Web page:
Few would consider accidentally biting their tongue lucky. But for Rosalyn Salanguit, the minor but annoying injury saved her life.
The wound, suffered in the spring of 2015 while Rosalyn was eating lunch, refused to heal for months. After unsuccessfully treating it with painkillers, Rosalyn visited her dentist in October. He took one look and immediately sent her to pathology, where she was diagnosed with Stage 2 tongue cancer.
By the time Rosalyn had surgery two months later, the disease had advanced to Stage 4 and required the removal of half her tongue, a graft (using tissue and an artery from her forearm) and a neck dissection to extract 47 lymph nodes to which the cancer had spread. Chemotherapy and radiation followed. As did another surgery to remove two teeth to save her jaw.
“My doctors warned I might not speak or eat without a feeding tube again,” says Rosalyn. Eight years later, she’s doing both (just not at the same time) thanks to her team at BC Cancer – Vancouver.
“I was fortunate to access oral cancer care close to home, supported by my family and friends,” she says. But for 40% of the patients currently seen at BC Cancer – Surrey, for whom it’s necessary to travel long distances from other areas in the Fraser Valley, this is not yet the case.
However, thanks to the generosity of BC Cancer Foundation donors, a new Oral Oncology and Dentistry Clinic at BC Cancer – Abbotsford is near completion. The state-of-the-art two chair clinic will be the only one in the province with direct access to an operating room for complex reconstructive surgical procedures.
The final step is to equip the clinic with a critical piece of equipment — a Cone Beam CT (CBCT), essential for reconstructive procedures, surgical planning, and advancing early detection.
Oral cancer survival rates drop from 80% to 20% in late-stage diagnoses, which can also result in significant disfiguration that takes a tremendous psychological toll on patients’ quality of life, says Dr. Suzanne Carlisle, BC Cancer department head, Oral Oncology/Dentistry Surrey.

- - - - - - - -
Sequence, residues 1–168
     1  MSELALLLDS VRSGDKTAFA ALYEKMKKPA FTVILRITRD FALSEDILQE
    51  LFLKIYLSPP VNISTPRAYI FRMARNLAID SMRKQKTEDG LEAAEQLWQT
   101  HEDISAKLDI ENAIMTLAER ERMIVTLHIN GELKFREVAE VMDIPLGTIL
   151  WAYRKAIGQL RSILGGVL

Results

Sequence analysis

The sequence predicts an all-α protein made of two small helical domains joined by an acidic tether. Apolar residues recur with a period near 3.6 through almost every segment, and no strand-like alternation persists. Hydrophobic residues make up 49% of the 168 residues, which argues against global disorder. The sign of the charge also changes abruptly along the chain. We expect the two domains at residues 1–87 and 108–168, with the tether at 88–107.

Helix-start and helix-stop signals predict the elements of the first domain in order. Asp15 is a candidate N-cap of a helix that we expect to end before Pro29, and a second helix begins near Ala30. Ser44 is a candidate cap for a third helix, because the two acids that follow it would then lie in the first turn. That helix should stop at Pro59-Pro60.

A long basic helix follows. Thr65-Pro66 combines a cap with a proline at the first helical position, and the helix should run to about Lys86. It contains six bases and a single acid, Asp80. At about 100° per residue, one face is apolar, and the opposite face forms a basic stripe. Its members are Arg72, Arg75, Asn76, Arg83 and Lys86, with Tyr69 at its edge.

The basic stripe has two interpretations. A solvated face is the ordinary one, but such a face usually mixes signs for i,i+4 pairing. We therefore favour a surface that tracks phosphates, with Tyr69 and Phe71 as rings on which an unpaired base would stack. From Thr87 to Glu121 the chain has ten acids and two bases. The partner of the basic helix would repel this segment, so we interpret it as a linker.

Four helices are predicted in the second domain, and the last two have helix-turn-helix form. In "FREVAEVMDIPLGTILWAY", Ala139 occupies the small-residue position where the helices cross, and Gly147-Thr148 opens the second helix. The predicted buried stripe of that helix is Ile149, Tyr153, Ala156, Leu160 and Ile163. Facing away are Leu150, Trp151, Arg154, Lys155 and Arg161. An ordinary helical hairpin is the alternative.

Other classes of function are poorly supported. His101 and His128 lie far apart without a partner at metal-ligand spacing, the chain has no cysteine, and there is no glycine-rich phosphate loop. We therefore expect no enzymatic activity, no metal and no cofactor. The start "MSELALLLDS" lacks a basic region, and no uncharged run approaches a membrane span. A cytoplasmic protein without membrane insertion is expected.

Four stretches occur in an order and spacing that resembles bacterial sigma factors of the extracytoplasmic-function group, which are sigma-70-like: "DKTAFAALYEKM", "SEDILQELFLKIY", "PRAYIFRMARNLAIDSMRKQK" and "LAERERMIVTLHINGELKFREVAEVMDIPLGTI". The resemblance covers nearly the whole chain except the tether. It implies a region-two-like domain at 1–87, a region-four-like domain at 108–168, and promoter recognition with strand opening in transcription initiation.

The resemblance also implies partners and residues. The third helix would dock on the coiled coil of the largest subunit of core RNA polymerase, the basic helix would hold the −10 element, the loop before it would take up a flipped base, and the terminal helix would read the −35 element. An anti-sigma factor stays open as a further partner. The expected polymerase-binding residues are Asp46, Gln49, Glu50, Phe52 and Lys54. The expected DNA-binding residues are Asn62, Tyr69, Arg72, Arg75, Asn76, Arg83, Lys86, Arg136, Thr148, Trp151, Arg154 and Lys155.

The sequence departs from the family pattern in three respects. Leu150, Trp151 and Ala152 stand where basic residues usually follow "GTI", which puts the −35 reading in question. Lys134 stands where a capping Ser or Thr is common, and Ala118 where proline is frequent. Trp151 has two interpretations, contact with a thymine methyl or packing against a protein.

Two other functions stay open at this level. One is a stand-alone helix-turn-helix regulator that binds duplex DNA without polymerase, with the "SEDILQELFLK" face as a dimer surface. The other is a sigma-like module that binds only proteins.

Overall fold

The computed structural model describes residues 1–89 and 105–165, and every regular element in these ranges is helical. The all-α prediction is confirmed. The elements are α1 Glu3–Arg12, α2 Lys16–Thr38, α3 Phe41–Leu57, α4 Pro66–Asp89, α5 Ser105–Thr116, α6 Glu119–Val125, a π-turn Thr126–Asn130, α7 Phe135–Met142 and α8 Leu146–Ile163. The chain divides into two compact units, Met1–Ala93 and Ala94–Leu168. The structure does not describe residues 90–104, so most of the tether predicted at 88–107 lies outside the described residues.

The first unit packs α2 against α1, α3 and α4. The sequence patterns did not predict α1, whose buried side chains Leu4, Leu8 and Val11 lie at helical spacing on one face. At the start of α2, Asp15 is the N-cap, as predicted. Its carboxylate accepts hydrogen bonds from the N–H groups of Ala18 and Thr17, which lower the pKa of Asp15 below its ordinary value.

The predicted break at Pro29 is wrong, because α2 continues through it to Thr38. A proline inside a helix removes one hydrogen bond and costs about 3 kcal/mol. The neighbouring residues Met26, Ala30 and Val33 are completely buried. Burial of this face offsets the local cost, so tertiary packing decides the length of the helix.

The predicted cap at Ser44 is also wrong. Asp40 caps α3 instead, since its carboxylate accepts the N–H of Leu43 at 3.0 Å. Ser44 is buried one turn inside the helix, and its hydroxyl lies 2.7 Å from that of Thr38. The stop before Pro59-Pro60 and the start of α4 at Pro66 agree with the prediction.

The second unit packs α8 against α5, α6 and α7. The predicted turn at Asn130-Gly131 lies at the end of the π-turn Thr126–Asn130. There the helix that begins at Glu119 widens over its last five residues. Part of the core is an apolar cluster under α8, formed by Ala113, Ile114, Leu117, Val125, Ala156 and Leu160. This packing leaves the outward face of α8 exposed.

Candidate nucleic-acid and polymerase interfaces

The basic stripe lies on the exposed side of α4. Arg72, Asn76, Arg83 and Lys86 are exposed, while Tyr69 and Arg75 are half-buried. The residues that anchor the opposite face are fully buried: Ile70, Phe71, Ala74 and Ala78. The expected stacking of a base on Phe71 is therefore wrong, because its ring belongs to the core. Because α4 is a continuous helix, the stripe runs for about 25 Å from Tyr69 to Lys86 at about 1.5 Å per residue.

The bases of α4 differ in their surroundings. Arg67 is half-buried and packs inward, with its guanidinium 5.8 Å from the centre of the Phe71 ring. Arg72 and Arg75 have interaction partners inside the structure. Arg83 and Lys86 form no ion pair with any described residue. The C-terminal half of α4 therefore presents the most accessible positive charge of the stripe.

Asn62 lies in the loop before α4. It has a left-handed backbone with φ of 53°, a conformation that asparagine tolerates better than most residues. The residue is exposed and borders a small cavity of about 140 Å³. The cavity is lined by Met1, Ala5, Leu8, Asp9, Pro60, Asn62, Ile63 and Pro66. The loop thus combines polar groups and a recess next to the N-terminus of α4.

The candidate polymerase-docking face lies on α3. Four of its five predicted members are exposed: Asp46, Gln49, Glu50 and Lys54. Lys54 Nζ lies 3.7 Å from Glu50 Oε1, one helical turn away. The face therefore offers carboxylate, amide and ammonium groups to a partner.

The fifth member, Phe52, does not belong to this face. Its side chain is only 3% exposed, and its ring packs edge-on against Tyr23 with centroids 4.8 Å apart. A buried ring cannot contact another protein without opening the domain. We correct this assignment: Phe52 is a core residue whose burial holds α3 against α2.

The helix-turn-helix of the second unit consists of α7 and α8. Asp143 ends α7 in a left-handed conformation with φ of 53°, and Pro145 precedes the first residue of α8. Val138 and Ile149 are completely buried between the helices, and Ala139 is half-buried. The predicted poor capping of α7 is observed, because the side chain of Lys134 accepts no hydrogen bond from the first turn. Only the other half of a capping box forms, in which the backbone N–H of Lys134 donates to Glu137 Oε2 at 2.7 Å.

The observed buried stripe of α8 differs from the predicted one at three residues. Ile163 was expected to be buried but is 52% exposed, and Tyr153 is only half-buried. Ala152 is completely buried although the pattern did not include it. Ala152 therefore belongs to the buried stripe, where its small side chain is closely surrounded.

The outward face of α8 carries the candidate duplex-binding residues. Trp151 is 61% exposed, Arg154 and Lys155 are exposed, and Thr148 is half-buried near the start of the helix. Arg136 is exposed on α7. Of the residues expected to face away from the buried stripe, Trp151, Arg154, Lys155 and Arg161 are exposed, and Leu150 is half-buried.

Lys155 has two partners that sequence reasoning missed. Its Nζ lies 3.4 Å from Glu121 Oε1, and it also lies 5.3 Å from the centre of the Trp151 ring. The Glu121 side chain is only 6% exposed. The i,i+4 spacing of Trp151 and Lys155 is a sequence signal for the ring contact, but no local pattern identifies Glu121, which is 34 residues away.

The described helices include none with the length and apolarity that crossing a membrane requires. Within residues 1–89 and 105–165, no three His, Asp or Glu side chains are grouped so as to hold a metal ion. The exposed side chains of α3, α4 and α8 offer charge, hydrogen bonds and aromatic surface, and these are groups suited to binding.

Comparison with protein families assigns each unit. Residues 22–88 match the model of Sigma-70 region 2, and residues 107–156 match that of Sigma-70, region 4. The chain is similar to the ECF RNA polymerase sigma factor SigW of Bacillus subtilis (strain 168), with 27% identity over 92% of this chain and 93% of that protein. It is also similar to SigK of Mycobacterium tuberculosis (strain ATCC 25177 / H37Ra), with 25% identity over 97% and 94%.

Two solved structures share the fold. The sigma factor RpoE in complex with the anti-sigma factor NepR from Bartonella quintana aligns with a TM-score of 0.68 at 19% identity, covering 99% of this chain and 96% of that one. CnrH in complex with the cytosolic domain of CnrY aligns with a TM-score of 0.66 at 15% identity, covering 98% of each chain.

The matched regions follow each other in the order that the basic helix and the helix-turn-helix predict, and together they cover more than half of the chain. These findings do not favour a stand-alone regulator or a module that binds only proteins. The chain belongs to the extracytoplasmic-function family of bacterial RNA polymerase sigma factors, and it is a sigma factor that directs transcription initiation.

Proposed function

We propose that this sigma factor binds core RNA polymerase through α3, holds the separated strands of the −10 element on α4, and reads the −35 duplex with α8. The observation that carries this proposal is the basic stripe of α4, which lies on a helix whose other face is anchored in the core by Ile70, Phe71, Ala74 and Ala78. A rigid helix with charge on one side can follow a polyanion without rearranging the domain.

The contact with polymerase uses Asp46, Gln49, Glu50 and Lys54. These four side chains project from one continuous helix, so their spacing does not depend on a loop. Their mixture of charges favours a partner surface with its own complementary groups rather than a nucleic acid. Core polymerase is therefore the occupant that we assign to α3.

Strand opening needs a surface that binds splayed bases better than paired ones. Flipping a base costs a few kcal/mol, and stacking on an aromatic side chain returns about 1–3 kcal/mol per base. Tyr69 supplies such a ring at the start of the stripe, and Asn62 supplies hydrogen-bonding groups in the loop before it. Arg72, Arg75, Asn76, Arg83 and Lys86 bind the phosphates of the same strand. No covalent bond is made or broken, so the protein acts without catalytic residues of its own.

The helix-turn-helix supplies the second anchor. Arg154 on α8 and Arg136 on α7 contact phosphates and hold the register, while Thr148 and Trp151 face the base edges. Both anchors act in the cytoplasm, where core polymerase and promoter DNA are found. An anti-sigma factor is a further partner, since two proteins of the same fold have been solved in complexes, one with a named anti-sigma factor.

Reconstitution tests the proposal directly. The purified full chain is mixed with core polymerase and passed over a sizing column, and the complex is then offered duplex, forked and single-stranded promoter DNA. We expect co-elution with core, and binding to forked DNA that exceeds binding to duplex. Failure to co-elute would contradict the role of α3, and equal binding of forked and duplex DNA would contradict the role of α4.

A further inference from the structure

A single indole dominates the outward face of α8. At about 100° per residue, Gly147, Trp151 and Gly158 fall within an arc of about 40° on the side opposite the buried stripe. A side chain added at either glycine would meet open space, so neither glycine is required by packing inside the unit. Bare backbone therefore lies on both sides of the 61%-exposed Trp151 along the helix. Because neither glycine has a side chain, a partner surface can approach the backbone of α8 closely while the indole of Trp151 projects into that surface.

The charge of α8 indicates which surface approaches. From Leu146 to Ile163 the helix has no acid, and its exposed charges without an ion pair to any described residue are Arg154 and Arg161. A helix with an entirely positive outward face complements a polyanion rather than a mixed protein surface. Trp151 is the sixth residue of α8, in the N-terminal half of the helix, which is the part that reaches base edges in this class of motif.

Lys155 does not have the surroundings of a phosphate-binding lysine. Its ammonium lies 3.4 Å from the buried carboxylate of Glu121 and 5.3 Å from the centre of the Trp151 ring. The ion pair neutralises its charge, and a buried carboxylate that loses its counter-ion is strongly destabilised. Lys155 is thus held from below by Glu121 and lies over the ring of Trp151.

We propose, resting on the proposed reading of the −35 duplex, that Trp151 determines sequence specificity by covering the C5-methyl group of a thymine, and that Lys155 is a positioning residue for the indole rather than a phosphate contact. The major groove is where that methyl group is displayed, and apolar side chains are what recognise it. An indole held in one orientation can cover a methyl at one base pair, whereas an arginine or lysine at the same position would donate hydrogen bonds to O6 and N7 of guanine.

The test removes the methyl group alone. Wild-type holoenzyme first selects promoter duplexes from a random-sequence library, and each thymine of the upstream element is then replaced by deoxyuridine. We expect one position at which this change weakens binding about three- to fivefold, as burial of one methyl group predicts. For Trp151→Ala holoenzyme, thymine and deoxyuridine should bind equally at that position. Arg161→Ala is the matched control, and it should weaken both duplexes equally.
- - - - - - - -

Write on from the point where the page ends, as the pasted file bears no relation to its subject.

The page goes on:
“I see heartbreaking cases — people with facial deformities and people who haven’t been able to eat solid food for years. We need to address their oral health needs so they can eat, smile and be healthy again.”
In addition to assisting in early detection and recurrences by enabling the most accurate tracking of changes to a person’s cancer, a CBCT aids in treatment planning, diagnosis and managing cancer-specific infections. It also helps to expedite care and reduce the number of offsite referrals (decreasing waitlists and patient anxiety associated with waiting for an appointment or diagnosis) by affording clinicians quick and easy access to images without the extra step of coordinating with external clinics.
“With a CBCT on site, we can interpret results within seconds and, if needed, immediately send patients to specialists for subsequent treatment. Imaging from CBCT will allow us to plan three-dimensional designs of surgical care for procedures performed in Abbotsford’s operating room,” says Dr. Carlisle.
Oral cancer rates typically increase with age, tobacco and alcohol use. However, the disease is becoming more common in young people like Rosalyn, who was just 35 when she was diagnosed. It’s also more prevalent in South Asian, Chinese and First Nations populations. In the South Asian community one in 150 people (compared to one in 800 in the general population) are at higher risk. With South Asians representing 10% of B.C.’s population, many of whom call the Fraser Valley home, bolstering oral cancer care at BC Cancer – Abbotsford is crucial to improving cancer outcomes in the community.